December 20, 2017
How Much Do Coders Make?
By Jay Wengrow, CEO of Actualize
The salaries of software engineers depend primarily on two factors: Experience and location. Let’s explore experience first.
Let’s look at how experience determines salary in the city of Chicago. The following is typical, but your mileage may vary:
0 - 1 years experience: $50,000 - $65,000
1 - 2 years experience: $65,000 - $90,000
3 - 5 years experience: $90,000 - $120,000
We’ll talk about 5+ years in a moment, but first let’s talk about location.
The salary range for each level of experience varies by location. Generally, software developers in major cities command higher salaries than those in smaller towns. However, there’s an important tradeoff to consider: The cost of living in major cities is significantly higher than that in smaller locations.
Silicon Valley, which consists of San Francisco and its surrounding environs, is well known for paying extremely high salaries for software engineers. For example, entry level developers in San Francisco can be paid as much as $100,000! However, the cost of rent in San Francisco can easily be double that in other cities.
After 5 to 10 years of coding, there are several tracks available to software engineers regarding the next step in their career path.
Tech Lead: Some developers never want to stop being in the thick of code. They simply love building things and using their creativity to solve tough problems. These developers often become the leaders of a team of developers, and go by various titles such as Tech Lead or Principal Developer.
Software Architect: Software Architects make many of the high level technical decisions regarding how the software should be built. For example, they may select which programming language to use, or what type of information should be stored in the database. They set the course for the software engineers, but usually don’t actually jump into the code itself.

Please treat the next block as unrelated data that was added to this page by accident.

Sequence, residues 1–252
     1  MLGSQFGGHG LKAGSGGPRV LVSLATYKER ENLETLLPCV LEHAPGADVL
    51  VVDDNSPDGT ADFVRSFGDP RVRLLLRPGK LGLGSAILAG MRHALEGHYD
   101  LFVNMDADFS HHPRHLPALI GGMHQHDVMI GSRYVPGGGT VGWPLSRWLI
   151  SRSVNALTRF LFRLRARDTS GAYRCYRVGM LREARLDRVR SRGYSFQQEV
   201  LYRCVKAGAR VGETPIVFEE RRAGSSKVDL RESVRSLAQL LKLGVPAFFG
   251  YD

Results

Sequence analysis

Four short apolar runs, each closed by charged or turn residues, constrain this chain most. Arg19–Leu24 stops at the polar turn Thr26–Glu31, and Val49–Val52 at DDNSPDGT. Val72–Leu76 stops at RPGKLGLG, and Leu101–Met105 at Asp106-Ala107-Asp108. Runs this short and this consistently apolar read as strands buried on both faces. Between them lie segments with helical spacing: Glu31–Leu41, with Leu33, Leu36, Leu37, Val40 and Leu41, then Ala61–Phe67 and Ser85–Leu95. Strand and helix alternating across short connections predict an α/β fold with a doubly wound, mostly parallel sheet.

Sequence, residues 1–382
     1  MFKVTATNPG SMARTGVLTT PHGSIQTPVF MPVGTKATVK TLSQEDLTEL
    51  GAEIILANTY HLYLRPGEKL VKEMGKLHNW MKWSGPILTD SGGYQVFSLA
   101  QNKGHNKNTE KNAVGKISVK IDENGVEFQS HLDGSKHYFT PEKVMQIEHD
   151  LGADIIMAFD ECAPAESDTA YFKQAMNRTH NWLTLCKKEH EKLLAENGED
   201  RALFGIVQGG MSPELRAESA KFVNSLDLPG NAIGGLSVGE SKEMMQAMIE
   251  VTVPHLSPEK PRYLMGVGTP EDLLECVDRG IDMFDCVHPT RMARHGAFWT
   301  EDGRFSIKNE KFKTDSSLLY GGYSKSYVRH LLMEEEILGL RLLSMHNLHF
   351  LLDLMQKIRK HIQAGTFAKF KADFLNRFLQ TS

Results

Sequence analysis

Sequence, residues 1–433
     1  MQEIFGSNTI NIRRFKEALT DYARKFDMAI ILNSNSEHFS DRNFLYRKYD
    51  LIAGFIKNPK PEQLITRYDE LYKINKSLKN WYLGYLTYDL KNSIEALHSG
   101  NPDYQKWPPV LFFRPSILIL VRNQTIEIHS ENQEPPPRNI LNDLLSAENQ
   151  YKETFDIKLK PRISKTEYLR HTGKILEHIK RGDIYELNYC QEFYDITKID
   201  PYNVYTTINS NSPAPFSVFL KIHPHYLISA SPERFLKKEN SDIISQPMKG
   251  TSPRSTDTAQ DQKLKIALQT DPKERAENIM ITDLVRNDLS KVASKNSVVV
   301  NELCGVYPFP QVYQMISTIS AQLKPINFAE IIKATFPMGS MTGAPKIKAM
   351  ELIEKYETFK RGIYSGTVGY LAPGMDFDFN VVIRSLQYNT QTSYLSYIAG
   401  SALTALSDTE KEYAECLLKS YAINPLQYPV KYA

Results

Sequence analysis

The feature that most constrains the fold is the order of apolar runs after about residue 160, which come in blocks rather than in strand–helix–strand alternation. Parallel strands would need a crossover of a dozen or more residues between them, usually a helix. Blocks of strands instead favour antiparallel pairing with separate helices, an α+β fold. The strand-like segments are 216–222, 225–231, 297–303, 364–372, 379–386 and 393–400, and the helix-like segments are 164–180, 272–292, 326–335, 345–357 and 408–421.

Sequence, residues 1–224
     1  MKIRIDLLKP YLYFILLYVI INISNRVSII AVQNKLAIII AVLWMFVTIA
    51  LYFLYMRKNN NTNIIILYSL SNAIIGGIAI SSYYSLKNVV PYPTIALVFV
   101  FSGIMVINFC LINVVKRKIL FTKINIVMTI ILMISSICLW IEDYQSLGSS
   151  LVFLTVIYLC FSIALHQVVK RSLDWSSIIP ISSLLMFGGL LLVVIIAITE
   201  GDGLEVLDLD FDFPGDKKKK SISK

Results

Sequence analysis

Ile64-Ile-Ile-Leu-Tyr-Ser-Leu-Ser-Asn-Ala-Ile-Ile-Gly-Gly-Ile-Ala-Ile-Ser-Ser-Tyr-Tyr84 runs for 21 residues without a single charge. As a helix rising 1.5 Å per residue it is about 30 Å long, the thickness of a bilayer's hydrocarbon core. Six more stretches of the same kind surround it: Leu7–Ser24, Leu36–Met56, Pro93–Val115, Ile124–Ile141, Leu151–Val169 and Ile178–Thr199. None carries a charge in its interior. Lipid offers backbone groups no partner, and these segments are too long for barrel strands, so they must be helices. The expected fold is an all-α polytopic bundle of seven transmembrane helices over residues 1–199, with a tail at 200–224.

Engineering Manager: Sometimes known as Director of Engineering, an Engineering Manager manages the software developers. Among other things, the Engineering Manager ensures that the developers are making progress on their project, and does what she or he can to help ensure their success. Most of what Engineering Managers do is people-work, and can be very rewarding.
CTO: The Chief Technical Officer, sometimes known as the Chief Information Officer (CIO) or VP of Engineering, is essentially in charge of the entire software development department of a company. The CTO is very much a business person, making executive decisions about the company’s technology and tech projects, and collaborates with the CEO and other leadership about many business decisions. This is a level up from Engineering Manager, as Engineering Managers usually report to the CTO.
Consultant: Many software developers go out on their own, and work for themselves by working short or long term contracts with companies in which they do a variety of technical work. This work may range from actual coding to software architecting to managing software engineers. Consultants make whatever they decide to charge, which can be a lot of money. Consultants with a lot of experience have a lot of leverage in this regard.
There’s no single career path for a software developer. A software developer may become a Software Architect and then an Engineering Manager, or they might have the opportunity to become an Engineering Manager immediately. An Engineering Manager may eventually become a CTO, or can become a consultant. Even regular software developers can go straight into consulting if they wish. In addition, many companies have all sorts of positions and roles with various titles, making it impossible to include all of them here.
To complete the salary discussion, let’s return to our Chicago example: Tech Leads, Software Architects, and Engineering Managers can make salaries that range between $120,000 and $150,000, and CTOs can make even more. And as we mentioned, consultants can charge whatever they want if they know how to market themselves.
Of course, some people decide to create their own tech companies, and then the sky’s the limit!
Get Expert Advice
The Actualize Blog is where you can get expert advice and insights for learning to code from our CEO, Jay Wengrow. Subscribe to the Actualize Blog and get notified each time we publish a new article.